Still, Herrington wraps up his career with a state-record 13 titles and 443 wins. His presenter, Scott Farley, tried to put it in perspective.

“That (number) rolls off the tongue, and you really don’t have perspective on it, so I’m going to give you a little perspective. I’ve been a head coach for 26 years, I’m in the Michigan High School Football Coaches Hall of Fame, and I have the highest winning percentage at two different high schools. And if I continue to have the same winning percentage I have right now, in order to catch John Herrington, I would have to coach until I’m 107 years old.  If my team went undefeated, and won state championships for the next 23 years in a row, I would catch John at the same age John is right now,” Farley said. “So It’s my distinct pleasure to introduce the greatest coach in the history of the State of Michigan and also — honest to God — one of the finest men I’ve ever had the privilege to be acquainted with.”

Herrington had advice for the Dream Teamers, as well.

“Don’t waste a single second. It goes so fast. My 57 years has gone fast. When you went in as a freshman you thought, ‘When am I going to be like that senior?’ A snap of the fingers, and you’re the senior. You guys are honored in a great team sport for being great individuals,” Herrington said. “As you go on, don’t waste a rep, don’t waste a single snap, because college will go just as fast. If you’re not going to play football, I’d say don’t waste a class period, either. You’ve got a lot to learn out there.”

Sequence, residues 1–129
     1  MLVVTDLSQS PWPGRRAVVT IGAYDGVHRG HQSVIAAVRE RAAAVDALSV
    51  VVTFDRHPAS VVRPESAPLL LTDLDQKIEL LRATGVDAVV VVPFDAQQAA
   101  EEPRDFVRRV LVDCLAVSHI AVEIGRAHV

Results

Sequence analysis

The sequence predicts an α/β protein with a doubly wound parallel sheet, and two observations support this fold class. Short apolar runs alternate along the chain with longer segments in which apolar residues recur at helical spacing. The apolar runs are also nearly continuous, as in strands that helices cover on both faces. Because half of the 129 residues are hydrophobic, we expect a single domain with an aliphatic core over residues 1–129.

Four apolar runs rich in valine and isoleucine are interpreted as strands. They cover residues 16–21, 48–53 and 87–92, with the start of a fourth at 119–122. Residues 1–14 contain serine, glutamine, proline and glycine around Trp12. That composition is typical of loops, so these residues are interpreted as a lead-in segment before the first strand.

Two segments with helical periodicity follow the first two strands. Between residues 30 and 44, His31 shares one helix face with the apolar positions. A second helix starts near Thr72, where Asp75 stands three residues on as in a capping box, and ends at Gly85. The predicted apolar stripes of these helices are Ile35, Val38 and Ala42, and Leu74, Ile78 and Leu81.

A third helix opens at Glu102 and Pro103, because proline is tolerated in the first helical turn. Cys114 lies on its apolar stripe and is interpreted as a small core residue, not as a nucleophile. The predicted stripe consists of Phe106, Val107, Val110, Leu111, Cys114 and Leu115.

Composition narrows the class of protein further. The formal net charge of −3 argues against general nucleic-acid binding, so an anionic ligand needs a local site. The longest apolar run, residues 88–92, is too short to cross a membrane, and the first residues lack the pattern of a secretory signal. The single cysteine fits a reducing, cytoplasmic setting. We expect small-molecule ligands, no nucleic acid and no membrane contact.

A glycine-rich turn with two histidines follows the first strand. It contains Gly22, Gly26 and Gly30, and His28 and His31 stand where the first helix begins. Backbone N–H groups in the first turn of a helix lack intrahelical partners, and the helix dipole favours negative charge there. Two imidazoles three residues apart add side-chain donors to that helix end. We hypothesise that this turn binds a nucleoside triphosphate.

The coach jokingly hinted that he might not be done, especially not with longtime assistant John Herstein taking over the in-district job at North Farmington.

“I did interview this week, I did apply to be his technology expert, but my flip-phone ran during the interview so he fired me on the spot,” Herrington joked.

The night was also filled with plenty of awe-inspiring moments.

The two winners of the NFF Ron Holland Scholar Athlete Awards — Max Brombach from Almont and Matthew George of Novi — both scored perfect 36s on the ACT, a fact that brought an ‘Ooooh’ from the whole room.

And former University of Michigan offensive lineman Grant Newsome, last year’s recipient of the Pete Schmidt Courage Award — named after the former Albion College coach who lost his life to cancer — introduced this year’s award-winner, Larry Prout Jr., the teenager who’s so inspired the U-M team.

“As the recipient of this award last year, I can say there’s no more deserving recipient than Larry Prout. I can’t imagine a single more courageous young man or young woman in this state.

I know the term ‘special’ gets thrown around a lot, but Larry truly is a special human being. … Larry’s undergone 102 surgeries in his short period of life, yet Larry’s the most positive, outgoing, cheerful young man,” Newsome said. “He’s been an inspiration to me, and I know he’s been an inspiration to the entire football team. … Some of you may have already faced adversity, that’s taken courage to overcome, but just know that there are people out there like Larry, that had the opportunity to lay down and quit, throw in the towel, after being dealt a hand they didn’t deserve.”

Prout Jr.’s speech drew a standing ovation.